This dictatorship ended defenetely in december of the 83', brought down rapidly by our defeat in malvinas, but that's an story for some other time.

Finally, I would have to say this only:
Neither forgetfulness, nor forgiveness, but JUSTICE!
(btw, that's what reads in the image below, if you were wondering)

La dictadura del 73'


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mxmagic Mar 24 2009 says:

hmm interesting. I never heard too much about that part of the world. 70's was in Poland a time when the propaganda said that we were ''the tenth economical power in the world"(yea right), when huge loans were taken to build blocks of flats, import western goods and build ironworks(which were so badly organised that they also contributed to the national debt). it only lead to protests in the 80's.

nice work.

+1 vote     reply to comment
Mularac Author
Mularac Mar 24 2009 replied:

yeah, those weren't some happy times for, well, anyone :P

+1 vote   reply to comment
Guided_Meditation Mar 24 2009 says:

i can see u really hate that *************.

+1 vote     reply to comment
Mularac Author
Mularac Mar 24 2009 replied:

indeed I do. They got out too easily, they deserved to have some of their own medicene applied to them, if you ask me.

+2 votes   reply to comment
SCΛRECROW Mar 25 2009 says:

May justice always prevail.

+2 votes     reply to comment
ChadaFACE Mar 25 2009 says:

The 60s and 70s were bad times.Almost in every corner of Asia there was a war or conflict,from the hot deserts of the Israel/Egypt border to the humid jungles of Vietnam.I didnt know that Argentina was controlled by dictators for a time.On the other hand,Pakistan was under a military regime up till now,when finally a civilian(Who's a real big idiot) had been placed as president.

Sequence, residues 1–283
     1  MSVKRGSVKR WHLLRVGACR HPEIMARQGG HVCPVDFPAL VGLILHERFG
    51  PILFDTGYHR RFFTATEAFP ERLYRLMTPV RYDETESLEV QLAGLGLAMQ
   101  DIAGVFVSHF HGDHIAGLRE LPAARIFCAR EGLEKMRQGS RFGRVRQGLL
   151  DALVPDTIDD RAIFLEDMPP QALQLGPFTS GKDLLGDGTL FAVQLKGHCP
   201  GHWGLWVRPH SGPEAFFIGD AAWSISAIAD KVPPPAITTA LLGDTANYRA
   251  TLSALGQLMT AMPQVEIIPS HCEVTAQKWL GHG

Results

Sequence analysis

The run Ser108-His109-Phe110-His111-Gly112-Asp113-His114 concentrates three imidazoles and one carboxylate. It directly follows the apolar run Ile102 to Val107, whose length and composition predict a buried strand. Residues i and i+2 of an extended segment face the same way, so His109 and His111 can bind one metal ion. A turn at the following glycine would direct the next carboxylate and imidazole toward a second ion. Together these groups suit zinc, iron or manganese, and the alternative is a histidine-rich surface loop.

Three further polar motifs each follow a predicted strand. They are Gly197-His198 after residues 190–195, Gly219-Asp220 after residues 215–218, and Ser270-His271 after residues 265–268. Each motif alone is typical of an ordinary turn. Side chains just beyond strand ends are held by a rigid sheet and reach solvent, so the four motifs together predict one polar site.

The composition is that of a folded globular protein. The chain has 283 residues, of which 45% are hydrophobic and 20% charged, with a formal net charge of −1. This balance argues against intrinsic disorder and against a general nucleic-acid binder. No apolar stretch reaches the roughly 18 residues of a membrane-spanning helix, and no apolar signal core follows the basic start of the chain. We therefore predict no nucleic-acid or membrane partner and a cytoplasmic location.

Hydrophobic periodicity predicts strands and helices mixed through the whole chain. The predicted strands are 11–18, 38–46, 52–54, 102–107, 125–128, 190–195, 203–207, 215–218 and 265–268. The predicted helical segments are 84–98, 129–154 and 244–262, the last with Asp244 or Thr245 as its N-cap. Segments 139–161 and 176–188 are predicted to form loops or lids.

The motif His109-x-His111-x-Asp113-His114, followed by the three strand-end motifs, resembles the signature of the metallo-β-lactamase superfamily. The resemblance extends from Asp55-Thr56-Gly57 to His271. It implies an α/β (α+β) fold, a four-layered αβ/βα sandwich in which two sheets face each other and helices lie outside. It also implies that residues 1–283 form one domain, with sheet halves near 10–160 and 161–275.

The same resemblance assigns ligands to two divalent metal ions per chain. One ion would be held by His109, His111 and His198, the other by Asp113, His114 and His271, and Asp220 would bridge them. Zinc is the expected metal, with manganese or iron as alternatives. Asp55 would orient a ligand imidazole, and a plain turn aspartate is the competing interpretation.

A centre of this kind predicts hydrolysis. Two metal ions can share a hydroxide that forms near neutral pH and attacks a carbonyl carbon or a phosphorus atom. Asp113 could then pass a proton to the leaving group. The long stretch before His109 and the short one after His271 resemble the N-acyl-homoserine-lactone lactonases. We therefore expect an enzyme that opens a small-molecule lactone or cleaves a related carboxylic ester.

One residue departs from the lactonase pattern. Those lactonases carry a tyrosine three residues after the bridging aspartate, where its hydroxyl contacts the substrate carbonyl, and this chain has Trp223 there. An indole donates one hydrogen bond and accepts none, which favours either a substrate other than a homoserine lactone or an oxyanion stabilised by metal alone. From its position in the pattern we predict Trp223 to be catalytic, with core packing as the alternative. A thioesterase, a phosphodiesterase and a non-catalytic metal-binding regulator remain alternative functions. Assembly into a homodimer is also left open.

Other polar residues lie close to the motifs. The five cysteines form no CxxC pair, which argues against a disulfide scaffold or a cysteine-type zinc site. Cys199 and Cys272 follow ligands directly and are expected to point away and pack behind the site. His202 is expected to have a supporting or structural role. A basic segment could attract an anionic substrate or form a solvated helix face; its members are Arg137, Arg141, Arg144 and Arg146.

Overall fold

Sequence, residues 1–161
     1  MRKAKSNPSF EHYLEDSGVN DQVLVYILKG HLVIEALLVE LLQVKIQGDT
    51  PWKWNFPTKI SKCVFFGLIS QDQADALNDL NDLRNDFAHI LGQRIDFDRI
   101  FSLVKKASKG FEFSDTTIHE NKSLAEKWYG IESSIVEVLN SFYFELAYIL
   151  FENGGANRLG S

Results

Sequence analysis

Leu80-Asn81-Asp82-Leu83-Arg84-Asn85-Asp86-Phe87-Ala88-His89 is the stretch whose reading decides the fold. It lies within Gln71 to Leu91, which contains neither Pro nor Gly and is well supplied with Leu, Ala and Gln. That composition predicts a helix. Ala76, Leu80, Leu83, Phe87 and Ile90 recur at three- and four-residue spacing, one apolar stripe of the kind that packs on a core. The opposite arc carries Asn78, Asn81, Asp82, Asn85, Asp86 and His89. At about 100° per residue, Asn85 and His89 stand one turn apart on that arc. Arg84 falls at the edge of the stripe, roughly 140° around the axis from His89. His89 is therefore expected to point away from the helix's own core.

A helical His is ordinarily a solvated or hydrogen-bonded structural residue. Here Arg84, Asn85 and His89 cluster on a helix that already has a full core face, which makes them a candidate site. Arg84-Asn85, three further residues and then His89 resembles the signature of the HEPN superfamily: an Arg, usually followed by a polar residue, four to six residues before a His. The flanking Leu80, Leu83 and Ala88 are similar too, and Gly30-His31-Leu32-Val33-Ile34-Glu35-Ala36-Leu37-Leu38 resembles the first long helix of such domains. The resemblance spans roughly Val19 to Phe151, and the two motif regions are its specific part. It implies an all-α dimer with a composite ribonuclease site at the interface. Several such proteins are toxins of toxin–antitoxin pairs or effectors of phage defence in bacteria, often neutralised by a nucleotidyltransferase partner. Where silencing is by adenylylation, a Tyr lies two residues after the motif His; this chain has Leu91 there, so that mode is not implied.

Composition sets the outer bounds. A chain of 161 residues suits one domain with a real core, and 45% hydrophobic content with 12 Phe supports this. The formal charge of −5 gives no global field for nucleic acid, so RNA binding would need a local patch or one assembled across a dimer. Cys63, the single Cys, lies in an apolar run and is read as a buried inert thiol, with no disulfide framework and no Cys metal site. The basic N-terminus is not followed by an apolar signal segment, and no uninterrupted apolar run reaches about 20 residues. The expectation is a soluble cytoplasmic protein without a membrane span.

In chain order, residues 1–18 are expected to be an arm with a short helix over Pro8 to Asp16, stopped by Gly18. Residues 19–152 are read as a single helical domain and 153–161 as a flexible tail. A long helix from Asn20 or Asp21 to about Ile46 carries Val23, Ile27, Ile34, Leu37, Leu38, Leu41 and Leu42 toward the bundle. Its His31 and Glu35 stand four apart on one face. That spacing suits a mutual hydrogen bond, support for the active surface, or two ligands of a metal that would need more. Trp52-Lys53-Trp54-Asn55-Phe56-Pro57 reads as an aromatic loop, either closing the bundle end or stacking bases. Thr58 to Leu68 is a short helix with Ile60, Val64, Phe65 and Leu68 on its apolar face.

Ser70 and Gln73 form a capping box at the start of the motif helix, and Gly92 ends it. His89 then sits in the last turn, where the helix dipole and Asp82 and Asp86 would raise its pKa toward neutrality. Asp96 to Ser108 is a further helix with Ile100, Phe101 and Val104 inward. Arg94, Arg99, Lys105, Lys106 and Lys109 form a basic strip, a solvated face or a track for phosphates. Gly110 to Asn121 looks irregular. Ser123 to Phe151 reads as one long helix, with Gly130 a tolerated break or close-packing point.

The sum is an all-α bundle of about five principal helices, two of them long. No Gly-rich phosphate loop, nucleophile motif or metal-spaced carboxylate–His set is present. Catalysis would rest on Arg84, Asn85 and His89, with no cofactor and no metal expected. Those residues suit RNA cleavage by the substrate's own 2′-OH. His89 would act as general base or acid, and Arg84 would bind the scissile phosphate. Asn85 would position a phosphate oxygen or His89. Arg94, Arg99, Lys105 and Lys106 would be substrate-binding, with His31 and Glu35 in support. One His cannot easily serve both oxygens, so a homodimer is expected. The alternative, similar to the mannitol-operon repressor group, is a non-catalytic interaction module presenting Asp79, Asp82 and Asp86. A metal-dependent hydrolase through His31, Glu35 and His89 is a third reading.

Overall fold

By the looks of it,it seems that this "Condor Plan"'s Creator was a Hitler wannabe to continue the Anti-Communism Pact.In Argentina a military regime might have caused damage than benefit.In Pakistan,the military regime actually sparked some positive points.It didn't cause the population to become stamped,but it caused them to have a sense of Patriotism and Nationalism.Along with that,it allowed the military to keep on growing.And we desperately needed it to become stronger,how can we fight an opposing force (India or the Soviet Union) that is exponentially stronger?

Overall,dictator ship and military ruling doesn't seem like the best idea,but can create too much of a mess

23rd march was the day when Pakistan's creation was secured in 1940,leading to the independence in 1947